NoVolume Junior Member

    Axure looks waaaaaay to expensive for what I'm after - I want something really simple that does the basics. Illustrator has too much going on for just wireframing. I'm just looking for something quick and simple that lets me get wireframes down quickly - doesn't seem to be anything out there.
     
  7. jibbajabba

    jibbajabba Junior Member

    I agree on all points, NoVolume, which is why I use OmniGraffle. Axure is PC only, so it's out of the question for you anyhow.
     
  8. thomashodgson

    thomashodgson Senior Member

    Quick Q NoVolume - what do you want it for? I've not heard of anyone using wireframe software before.
     
  9. iamkeir

    iamkeir Junior Member

    +1 for Omnigraffle

    That said, the new Fireworks from Adobe apparently has an asset library of components aimed at wireframing. Not taken a look myself because I'd need to take out a flaming loan for the CS software!
     
  10. Greg

    Greg Active Member

  11. iamkeir

    iamkeir Junior Member

    I used to use Omnigraffle but I've actually started to 'live' wireframe - building the website and the interface using a base stylesheet - no design, just form and function.

    It has allowed my clients to experience the way it all interlinks far clearer than a collection of static wireframes, and understand the user experience better.

    It's far easier to amend a wireframe and, once signed off, it's simply a case of dropping the CSS design skin in place!

    An example is here: Bud Development - Cultivating a better working culture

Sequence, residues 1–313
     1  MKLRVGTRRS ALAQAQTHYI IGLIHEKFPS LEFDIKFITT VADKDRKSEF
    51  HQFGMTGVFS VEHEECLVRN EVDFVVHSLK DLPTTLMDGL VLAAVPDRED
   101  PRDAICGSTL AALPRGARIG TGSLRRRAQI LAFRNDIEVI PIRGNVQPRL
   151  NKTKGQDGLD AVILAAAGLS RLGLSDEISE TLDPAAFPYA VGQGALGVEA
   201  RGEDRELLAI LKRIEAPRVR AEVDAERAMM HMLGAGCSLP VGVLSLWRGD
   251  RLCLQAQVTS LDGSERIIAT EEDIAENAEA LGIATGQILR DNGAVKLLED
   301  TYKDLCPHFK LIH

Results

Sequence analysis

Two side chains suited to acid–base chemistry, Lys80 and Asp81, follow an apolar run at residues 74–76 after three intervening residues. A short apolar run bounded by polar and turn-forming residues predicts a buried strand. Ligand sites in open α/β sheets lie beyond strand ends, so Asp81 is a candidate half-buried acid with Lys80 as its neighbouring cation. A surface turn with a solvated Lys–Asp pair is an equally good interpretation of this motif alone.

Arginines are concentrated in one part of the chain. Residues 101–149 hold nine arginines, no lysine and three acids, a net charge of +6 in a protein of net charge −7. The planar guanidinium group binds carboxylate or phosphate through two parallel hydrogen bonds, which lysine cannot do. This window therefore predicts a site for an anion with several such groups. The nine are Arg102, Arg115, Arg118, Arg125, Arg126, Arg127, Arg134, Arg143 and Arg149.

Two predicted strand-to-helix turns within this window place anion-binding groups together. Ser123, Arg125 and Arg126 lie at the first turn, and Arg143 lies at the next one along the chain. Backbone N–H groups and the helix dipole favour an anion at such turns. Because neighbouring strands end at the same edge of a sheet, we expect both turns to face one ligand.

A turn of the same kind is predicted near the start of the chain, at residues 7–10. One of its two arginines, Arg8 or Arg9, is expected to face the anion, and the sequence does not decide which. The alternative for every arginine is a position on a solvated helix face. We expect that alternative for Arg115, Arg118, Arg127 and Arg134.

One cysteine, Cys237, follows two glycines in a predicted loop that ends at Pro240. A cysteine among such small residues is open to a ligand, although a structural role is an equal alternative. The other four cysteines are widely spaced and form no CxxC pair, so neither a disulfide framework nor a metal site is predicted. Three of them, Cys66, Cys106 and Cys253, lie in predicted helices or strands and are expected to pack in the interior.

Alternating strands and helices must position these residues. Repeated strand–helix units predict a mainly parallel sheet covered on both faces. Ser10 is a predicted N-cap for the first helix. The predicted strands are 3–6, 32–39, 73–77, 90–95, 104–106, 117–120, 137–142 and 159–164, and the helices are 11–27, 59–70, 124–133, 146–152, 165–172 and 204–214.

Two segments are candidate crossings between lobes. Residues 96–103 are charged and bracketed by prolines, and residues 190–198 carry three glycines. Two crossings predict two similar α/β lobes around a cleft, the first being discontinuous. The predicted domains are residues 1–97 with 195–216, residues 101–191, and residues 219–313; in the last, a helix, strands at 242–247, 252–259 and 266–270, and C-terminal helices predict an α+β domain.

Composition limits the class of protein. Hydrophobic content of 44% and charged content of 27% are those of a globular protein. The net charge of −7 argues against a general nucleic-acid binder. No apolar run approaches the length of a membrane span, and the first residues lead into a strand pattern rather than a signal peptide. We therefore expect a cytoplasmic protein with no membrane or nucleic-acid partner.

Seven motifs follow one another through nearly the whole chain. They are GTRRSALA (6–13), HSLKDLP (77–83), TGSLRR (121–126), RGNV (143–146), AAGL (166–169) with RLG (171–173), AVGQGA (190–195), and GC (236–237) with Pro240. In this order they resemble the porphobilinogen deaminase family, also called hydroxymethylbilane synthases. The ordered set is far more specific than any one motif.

...which became: Bud Development - Welcome to Bud Development

    You need to manage client expectations though because sometimes they've turned to me and gone "Ewww! It's all grey and boring!!", heh.

    HTH
     
  12. Greg

    Greg Active Member

    Hi Keir,

    Thanks for that info and the live examples you posted, that's really useful to see it in action, and I'm sure the majority of clients (not the "it's grey and boring" ones) really appreciate that stage in the development. My only concern with working a site development in that way would be that it may restricts the design, have you ever found that to be the case?

    Thanks,
    Greg
     
  13. iamkeir

    iamkeir Junior Member

    Not really - it's the same as offline wireframing except it's not wasted!

    You can move the wireframes around to your heart's content - granted it's not drag-and-drop but if you know CSS well enough it's easy to do.

    And I use a signed-off wireframe (whether online or offline) to inform the design not limit it. But, yes, the design will be based on the wireframe layout as closely as possible - it was signed off after all.

    It's not a perfect approach and doesn't work for all projects but it can be useful.

    I think using offline wireframes initially and then producing online wireframes once it's been narrowed down is a good approach.

    Would welcome comments/feedback!